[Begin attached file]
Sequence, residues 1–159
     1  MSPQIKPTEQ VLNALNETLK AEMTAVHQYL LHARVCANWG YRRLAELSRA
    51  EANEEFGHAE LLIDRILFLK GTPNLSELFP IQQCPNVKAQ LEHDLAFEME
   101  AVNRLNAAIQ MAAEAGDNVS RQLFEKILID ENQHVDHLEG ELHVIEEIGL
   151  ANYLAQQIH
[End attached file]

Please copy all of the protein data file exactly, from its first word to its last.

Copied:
Sequence, residues 1–159
     1  MSPQIKPTEQ VLNALNETLK AEMTAVHQYL LHARVCANWG YRRLAELSRA
    51  EANEEFGHAE LLIDRILFLK GTPNLSELFP IQQCPNVKAQ LEHDLAFEME
   101  AVNRLNAAIQ MAAEAGDNVS RQLFEKILID ENQHVDHLEG ELHVIEEIGL
   151  ANYLAQQIH